It took us 10 hours to cover 8 km and we still have 894 km to go," reported Borge. "This is the toughest degree of latitude Ive ever walked." File image of Borge (left) and Mike (right) at Norilsk, Siberia right before departure, courtesy of Borge Ousland (click to enlarge).
North Pole season is ON: Borge and Mike on the ice and back
Posted: Jan 21, 2006 09:14 am EST
"Borge and Mike are on the move, reported Borge Ouslands home team yesterday. The helicopter was able to lift off from Sredny and dropped the team on the western side of Cape Arktichevsky, just 1 km from its northern point.
Ice touching land open water ahead
Fortunately, the ice was touching the shore, so they are already walking northward. Ahead of them are leads of open sea, so the next hours and days will be critical. At the moment, it is -5¬ļC in the area, which is probably a heat record for January.
Borge and Mike hit the ice immediately. However, they didnt get very far on their fist journey.
After 700 meters, Borge and Mike realized it was unwise to continue, Borges team updated. The ice was unstable, slushy, and moving too fast. They returned safely to land and set up camp on the Cape.
Bear visiting for dinner!
The two of them had just settled into their tent when they received an unexpected visitor a polar bear! He broke the zipper with his foot trying to enter the tent, before turning around to explore their sleds. A surprised Borge and Mike got out of their tent as the polar bear was walking away with a packet of their food. As they reacted quickly and lit a flare gun, the bear dropped the food and ran onto the sea ice.
Borge has already fixed the zipper. Most likely theyll be sleeping by turn tonight. The wind is blowing so hard that it is difficult to hear a bear.
Waiting for better winds
The warm westerly wind is blowing hard. A cold northerly wind or no wind at all would be far preferable, as it would provide better ice conditions. For now, all they can do is to wait patiently.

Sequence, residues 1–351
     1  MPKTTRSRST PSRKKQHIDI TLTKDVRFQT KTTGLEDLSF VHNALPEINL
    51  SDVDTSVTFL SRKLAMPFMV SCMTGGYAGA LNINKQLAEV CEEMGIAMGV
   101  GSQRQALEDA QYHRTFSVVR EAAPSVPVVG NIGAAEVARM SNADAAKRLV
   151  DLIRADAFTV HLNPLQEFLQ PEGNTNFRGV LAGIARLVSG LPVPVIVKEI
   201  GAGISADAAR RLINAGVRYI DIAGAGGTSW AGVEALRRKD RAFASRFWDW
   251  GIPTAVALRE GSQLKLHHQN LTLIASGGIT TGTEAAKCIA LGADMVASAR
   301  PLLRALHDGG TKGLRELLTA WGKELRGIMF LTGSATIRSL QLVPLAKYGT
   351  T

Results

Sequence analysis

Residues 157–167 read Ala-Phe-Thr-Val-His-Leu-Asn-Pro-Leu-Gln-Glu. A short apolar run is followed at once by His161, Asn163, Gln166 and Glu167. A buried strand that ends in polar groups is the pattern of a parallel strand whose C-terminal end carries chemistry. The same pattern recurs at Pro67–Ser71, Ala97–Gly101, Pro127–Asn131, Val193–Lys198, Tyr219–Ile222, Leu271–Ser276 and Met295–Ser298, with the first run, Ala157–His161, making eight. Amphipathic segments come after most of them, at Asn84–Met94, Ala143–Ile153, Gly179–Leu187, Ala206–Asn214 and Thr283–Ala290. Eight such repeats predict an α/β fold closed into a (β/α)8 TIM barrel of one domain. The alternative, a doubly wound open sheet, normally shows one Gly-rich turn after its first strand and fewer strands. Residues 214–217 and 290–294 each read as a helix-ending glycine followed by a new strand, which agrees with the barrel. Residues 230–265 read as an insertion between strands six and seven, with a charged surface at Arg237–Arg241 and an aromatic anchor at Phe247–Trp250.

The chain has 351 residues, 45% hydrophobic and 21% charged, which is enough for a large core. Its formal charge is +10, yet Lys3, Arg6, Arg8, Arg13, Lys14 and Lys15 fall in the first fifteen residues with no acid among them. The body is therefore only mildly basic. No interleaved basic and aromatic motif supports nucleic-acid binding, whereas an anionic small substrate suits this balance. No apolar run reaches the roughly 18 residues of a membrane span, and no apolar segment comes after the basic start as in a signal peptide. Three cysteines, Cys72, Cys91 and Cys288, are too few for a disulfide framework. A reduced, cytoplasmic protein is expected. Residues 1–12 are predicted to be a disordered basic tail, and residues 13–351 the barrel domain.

Norwegian Borge Ousland and South African Mike Horn have joined forces for a bold North Pole expedition during the pitch black arctic winter.
We will try to do the entire trip during the dark period, and arrive before the 23rd of March, which is the first day of Spring and when the sun begins to appear above the horizon at the North Pole, Ousland told ExplorersWeb in a previous interview.
Norwegian Borge Ousland is a remarkable polar explorer. He was the first to do an unsupported expedition from Russia to the North Pole in 1994. Borge was solo and fast, and beat the second runner up team of 8 Russian skiers by two weeks. Among his feats are a solo kite crossing of Antarctica from Berkner Island to McMurdo in 96/97 and a solo Arctic kite traverse in 2001 (March 3 to April 23, Russia-Canada, one resupply).
He has also attempted Everest and done an unsupplied, kite-supported crossing of the Patagonian Ice Cap: Borge and Thomas Ulrich completed that expedition at top speed (49 days), but at an earlier exit point than the Chilean pioneers on the route it is thus not considered a complete crossing.
South African Mike Horn, traveled around the equator in 2000. In August 2002 he launched Arktos expedition, a multi-disciplinary voyage around the Arctic Circle. The adventure was covered by professional photographers and an extensive support team. Mike completed the circumnavigation by the end of October, 2004, after a number of legs accomplished by boat, kayak, ski sail, bicycle and on foot. Starting and Finishing point was North Cape, Norway.